Managing Transformational Change: A Core Competency For Organizations

May 26, 2017

Transformational change

John Kotter’s book Leading Change (Harvard Business Review Press, 2012) reported that 70% of change initiatives in organizations fail. As technology and the global marketplace evolve, organizational change has shifted from a “nice to have” to a business necessity, forcing organizations to become more adept at transformational change management (a change in organizational strategy and processes designed to be organization-wide).

Yet, if Kotter is correct, 70% of organizations would continue to suffer failure when implementing change. Why is this so?

Companies evolve as markets, consumers, technologies, and product needs shift, with the resulting organizational change ranging from minor adjustments to company-wide processes. Regardless of the size and impact of the change, staff members are impacted. The change itself can create tremendous fear, strife, and anxiety in employees.

Viewing change as an opportunity to evolve

Successfully managing change has become a core competency for organizations. Companies most likely to be successful in effective transformational change are the ones that no longer view organizational change as a discrete event, but instead see change as a constant opportunity to evolve the business. They anticipate change, have a culture that embraces it, are well prepared, and have discipline in their execution and follow-through.

The CEO or other leaders at the strategic level of an organization can direct and plan change. However, it is the responsibility of mid- and direct-level leadership and teams to implement, adjust, guide, and measure the change initiative. Multiple supporters of change at various levels in an organization contribute to driving successful change initiatives. Supporters and key players in transformational change are “change agents” who assist transformation by focusing on effectiveness, improvement, and development.

They generally operate under a leader’s future vision, seeing the potential for successful transformation and understanding both the impetus for change and the proposed future state of the environment after the change is completed. They work with others in the organization to communicate the need and direction for change, while listening and understanding concerns, obstacles, and issues surrounding the proposed change.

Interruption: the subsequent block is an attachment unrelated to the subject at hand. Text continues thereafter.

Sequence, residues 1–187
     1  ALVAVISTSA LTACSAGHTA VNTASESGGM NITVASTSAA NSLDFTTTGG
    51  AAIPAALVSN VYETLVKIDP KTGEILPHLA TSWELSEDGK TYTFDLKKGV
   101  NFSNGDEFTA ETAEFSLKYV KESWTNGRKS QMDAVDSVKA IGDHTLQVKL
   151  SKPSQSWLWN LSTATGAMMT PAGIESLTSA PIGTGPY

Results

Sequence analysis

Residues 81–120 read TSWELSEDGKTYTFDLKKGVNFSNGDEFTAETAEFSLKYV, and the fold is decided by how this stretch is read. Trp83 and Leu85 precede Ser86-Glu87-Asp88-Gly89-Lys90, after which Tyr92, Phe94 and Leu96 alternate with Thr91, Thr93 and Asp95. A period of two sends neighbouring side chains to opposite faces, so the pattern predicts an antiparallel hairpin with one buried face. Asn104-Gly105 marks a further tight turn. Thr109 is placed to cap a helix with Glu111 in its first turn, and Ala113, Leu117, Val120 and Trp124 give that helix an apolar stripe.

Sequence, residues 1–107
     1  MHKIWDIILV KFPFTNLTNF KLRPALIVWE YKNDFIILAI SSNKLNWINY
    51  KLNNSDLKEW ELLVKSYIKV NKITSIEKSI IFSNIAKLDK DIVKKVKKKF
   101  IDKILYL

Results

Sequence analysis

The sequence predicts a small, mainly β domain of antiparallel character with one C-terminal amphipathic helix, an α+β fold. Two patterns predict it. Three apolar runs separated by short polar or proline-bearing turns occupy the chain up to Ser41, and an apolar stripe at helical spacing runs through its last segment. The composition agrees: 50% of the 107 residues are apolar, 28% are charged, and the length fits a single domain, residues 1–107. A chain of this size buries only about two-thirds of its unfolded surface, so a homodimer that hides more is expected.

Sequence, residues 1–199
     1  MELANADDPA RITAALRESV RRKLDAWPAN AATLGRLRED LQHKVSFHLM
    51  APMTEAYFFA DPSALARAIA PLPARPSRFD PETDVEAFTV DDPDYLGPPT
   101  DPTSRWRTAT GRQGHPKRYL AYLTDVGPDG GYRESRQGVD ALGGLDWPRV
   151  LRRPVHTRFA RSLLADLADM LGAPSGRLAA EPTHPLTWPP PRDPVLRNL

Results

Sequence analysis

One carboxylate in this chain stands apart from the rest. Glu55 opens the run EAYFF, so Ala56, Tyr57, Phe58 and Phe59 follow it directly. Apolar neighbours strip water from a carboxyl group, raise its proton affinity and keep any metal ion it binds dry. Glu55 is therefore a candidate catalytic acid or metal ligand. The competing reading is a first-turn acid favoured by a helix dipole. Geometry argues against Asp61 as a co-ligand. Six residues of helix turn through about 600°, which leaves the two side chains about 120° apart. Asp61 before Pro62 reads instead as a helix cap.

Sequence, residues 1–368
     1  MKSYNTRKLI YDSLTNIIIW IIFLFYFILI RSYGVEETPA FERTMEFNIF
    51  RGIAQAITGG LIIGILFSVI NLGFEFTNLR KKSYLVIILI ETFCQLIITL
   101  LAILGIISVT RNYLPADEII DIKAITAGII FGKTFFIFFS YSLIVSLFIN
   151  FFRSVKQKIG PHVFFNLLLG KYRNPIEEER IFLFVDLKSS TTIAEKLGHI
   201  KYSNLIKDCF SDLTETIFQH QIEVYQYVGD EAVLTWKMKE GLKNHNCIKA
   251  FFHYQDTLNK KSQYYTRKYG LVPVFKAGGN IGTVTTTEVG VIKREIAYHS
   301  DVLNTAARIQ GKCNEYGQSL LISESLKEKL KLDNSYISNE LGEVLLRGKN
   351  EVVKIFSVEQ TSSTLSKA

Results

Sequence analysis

The change agent communicates and adjusts the vision based on the challenges identified and works to ensure that change successfully delivers the proposed outcomes. In addition, change agents work with individuals and teams in the organization to create additional change agents and to overcome resistance where it is identified. In most successful transformational change efforts, team-based approaches to implementing, guiding, and measuring change result in better buy-in and reduce the tendency to functionalize, or “stovepipe,” change initiatives.

Successful organizations embrace change as opportunities to evaluate and improve process, procedures, and structures. These organizations look to their leaders to identify and support areas for improvement, open communication channels, positive and healthy conflict resolution strategies, and cross-functional development processes.

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About The Author

Dan Jensen, D.Ed., is an independent consultant specializing in strategic planning, leadership, education, and training. He is also a member of the Corporate Faculty at Harrisburg University of Science & Technology, where he designs and teaches leadership courses and conducts organizational development and leadership forums and workshops. Mark Bojeun, Ph.D., is a professor of project management and leadership at Post University and a frequent speaker on leadership, program, and project management around the world.

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    […] interesting trend is the use of change management, or potential for change fatigue, as a risk factor. For example, some best-practice organizations […]

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